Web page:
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Brian Krogsgard

I talk to people a ton. Way too much for proper productivity. I spend half my day at least in various styles of conversation. Mostly in Slack, but also through other text channels, audio calls, etc.

A lot of the process of writing about people (and the WP ecosystem, like most, is all about people) is just relationship building stuff. Become acquainted with someone -- maybe even friends with them -- then when there is a story, you have a friend to gain insight from. They might be the direct source or subject of a story, or maybe they just have insights to help you frame it right in your own head.

I also try out a lot of software, services, etc. That is more interspersed but can easily end up being a few hours of any particular day. I probably do this at least a couple times a week.

Admin work is constant but not overwhelming. My editorial assistant Katie Richards is an amazing help. Once I tell her a thing I would like her to do regularly, I never have to bring it up again, because it just gets done. She has been an enormous help. Please don't steal her.

That leaves an hour or two per day to actually write :) That's unfortunate, and it's why newsletters go out whenever they're ready, versus on a particular schedule -- especially if one story requires a lot of extra wrangling. I really want to get that number to 3-4 hours per day, every day, where I'm free to write.

Stories come both ways. I'm most proud when talking to folks produces a new and original story (even if it's just insights and not "news"). But there is also a lot of news where some company or whatever releases something, blogs about it, and I share it. But unless I have analysis for it, I just link that. If I have analysis to add, I add it. It depends.

I organize first with Simplenote, where I collect ideas or long-term stories I'm working on. For links and public resources, I'm obsessed with Pocket. David Bisset (helps me curate "footnotes") and I have a sharing system that uses a Pocket > Slack integration, then David moves them to Post Status w/ a first draft and then I go and edit/add/rewrite depending on context.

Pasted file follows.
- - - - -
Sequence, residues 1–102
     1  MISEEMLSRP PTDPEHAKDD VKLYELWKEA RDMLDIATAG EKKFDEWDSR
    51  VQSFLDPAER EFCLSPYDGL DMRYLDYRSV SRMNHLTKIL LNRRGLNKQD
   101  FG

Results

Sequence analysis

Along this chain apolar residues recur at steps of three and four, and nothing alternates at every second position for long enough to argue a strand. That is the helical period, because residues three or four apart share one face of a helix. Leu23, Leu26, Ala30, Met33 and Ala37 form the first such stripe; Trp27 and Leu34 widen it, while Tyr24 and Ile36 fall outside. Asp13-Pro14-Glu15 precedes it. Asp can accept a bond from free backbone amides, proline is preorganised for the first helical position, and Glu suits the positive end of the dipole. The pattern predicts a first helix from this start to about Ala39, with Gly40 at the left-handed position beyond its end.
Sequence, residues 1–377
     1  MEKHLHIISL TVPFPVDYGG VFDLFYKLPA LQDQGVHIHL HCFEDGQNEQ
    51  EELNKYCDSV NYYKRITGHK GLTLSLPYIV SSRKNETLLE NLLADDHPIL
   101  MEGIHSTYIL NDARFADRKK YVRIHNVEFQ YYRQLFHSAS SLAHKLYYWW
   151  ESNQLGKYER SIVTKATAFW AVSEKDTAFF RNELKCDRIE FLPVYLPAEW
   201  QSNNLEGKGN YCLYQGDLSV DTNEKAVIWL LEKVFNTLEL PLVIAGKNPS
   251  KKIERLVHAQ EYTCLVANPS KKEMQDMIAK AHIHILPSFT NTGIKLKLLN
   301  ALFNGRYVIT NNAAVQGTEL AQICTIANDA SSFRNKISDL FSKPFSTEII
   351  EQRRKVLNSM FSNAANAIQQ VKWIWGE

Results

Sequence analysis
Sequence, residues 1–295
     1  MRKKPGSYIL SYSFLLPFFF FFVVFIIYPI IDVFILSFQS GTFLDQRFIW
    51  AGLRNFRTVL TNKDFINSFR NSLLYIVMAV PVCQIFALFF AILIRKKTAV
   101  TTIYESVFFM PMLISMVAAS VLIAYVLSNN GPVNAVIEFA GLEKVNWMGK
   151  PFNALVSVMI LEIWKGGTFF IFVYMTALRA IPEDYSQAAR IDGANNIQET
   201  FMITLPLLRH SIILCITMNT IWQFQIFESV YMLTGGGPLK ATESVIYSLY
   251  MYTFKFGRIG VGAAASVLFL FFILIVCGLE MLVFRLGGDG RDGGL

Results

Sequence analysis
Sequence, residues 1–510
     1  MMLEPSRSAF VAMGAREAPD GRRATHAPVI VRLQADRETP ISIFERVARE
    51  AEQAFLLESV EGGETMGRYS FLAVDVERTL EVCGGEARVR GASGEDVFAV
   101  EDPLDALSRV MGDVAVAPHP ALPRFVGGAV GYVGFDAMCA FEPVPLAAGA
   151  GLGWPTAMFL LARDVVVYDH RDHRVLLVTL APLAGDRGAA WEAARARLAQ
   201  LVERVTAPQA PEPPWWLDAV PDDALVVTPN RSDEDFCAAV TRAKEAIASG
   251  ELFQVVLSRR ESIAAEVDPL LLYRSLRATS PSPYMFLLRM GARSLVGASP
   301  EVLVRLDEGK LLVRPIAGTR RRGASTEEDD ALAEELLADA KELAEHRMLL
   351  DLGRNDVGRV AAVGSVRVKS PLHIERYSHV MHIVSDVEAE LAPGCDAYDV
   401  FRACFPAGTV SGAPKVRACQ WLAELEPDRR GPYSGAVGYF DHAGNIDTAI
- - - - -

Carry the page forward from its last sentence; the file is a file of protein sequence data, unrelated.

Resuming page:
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Ross Wintle

How the heck do you pronounce "status" and when are you and Joe going to agree on it? ;)

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Brian Krogsgard

Well, the American way is Post Status like Stat-us, but Joe and other proper English speakers say State-us, and it's honestly much more pleasant. But I would be laughed out of the state of Alabama if I called my website Post State-us :)

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David Decker

Hi Brian! Big props for your awesome work! I've finally joined the club, hehe :)

So my question is:
All in all are you satisfied with your work/life balance? I mean, you have a little son, a family -- is that hard during a week to keep focus or how do you manage that?

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Brian Krogsgard

I'm terrible at work/life balance in terms of turning my brain off of work and WordPress and Post Status. It's always in my mind, even if it's second or third at any given time.

That said, I've become fairly strict with my schedule these days. Even prior to having a son, I tried to establish "6-10" time, where every evening was family time (but I was bad about still being on Twitter too much). Also, when I started working out regularly, that time became non-negotiable (Every M/W/F at either 4:30 or 5:30) and therefore that's when my main "day" ends.